Capt. Charles Taylor

Capt. Charles Taylor

Written by Sue Tone

When Charlie Taylor arrived in Vietnam in 1967, he knew he would see combat. Like so many other young men, he wondered how he would react in battle. Adrenaline carried him through that first firefight, he said.

“I learned that the biggest fear is the fear of the unknown. Once I was aboard the boats with my men, diesels humming, I could relax. And when the bullets were flying, there was very little fear because the adrenaline takes over and the training takes over,” U.S. Army Capt. Taylor said. “You just do what you have to do at that point in time.”

Returning to civilian life was easier for Taylor than other veterans – he was coming home to Prescott where men patted him on the back and said, “Atta boy, Charlie, we’re proud of you.”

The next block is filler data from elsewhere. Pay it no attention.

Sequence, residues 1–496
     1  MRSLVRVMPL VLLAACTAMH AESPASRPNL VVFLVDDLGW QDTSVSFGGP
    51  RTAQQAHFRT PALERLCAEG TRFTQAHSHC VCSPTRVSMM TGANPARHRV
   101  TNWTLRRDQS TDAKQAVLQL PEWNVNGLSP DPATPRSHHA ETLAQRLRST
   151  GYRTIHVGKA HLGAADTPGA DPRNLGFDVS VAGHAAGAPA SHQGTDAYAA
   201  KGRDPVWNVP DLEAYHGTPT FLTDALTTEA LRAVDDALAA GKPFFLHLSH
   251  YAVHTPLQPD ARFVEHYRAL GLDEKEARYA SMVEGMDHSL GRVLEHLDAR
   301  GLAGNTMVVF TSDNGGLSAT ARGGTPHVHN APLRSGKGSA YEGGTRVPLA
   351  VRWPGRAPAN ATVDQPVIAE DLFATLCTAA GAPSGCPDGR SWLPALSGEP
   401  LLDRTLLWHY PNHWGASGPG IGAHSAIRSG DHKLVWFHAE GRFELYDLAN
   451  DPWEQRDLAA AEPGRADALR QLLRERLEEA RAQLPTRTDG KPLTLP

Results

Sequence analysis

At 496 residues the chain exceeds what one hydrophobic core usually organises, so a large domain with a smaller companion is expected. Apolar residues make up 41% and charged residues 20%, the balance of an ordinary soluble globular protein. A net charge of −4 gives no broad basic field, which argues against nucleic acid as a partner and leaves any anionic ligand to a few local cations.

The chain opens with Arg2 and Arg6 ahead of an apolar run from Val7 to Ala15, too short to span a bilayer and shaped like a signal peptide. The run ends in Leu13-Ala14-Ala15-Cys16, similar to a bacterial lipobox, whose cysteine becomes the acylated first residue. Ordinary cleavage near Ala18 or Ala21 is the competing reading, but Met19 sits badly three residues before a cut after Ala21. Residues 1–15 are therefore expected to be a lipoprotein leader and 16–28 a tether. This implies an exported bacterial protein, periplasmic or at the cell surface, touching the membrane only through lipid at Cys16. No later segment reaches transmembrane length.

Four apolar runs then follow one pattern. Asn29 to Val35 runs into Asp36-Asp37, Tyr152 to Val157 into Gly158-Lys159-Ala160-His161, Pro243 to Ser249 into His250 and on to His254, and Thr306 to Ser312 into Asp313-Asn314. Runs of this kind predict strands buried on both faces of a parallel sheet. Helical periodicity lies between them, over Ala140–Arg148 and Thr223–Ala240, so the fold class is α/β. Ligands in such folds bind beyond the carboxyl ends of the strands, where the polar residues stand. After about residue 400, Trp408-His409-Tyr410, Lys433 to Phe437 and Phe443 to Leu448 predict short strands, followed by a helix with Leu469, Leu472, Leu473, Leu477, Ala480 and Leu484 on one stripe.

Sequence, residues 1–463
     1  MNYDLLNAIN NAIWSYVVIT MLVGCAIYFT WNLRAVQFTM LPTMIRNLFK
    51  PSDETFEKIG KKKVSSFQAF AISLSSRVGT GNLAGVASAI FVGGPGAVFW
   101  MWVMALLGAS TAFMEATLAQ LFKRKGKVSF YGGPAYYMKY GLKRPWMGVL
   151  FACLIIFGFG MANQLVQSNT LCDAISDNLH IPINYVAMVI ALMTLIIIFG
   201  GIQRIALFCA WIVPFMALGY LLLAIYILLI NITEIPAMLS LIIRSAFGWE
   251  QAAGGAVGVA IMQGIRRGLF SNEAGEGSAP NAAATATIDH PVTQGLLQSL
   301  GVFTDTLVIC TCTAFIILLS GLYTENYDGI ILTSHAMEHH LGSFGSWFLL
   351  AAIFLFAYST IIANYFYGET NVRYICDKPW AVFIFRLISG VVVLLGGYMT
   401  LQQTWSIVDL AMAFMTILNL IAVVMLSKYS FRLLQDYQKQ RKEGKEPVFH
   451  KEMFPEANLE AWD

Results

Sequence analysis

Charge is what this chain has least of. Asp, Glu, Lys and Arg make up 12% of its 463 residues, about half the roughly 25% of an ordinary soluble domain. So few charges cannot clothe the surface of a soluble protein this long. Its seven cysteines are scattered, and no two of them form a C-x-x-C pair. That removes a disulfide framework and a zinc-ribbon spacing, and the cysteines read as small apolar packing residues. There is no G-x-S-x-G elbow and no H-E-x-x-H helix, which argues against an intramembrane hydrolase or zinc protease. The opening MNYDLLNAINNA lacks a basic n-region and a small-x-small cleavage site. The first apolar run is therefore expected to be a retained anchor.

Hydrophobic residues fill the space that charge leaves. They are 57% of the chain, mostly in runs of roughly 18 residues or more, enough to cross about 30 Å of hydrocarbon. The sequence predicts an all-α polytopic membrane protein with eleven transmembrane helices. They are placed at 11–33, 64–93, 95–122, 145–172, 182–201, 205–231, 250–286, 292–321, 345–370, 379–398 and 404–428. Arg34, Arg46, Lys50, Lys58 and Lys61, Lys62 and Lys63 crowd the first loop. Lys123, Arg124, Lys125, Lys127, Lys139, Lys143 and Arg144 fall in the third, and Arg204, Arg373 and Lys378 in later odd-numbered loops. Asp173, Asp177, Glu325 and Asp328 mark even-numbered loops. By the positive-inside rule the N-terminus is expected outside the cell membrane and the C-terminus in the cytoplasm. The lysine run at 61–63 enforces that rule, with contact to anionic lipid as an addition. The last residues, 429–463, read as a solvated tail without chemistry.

For years, not many people knew he was a Vietnam veteran. He suffered with PTSD, was hypervigilant, and tough on his wife and son. “What I told him was mistakes will get you killed. And that’s true. You make a mistake, you forget something, you have bad tactics – mistakes will get you killed.”

Taylor credits his attendance at battalion reunions with healing his combat trauma. He was able to visit the Vietnam War Memorial. In 2011, he traveled with his family to Vietnam. “The wonderful thing is I realized the Vietnam of my memories does not exist anymore.”

He earned the respect of his men as well as his officers during his one-year tour in Vietnam.

“I will go to my grave with leading men in combat being the biggest thing I’ve ever done. It was a tremendous honor, a great responsibility, and in hindsight very rewarding.”

Charlie Taylor, photographed by Bruce Roscoe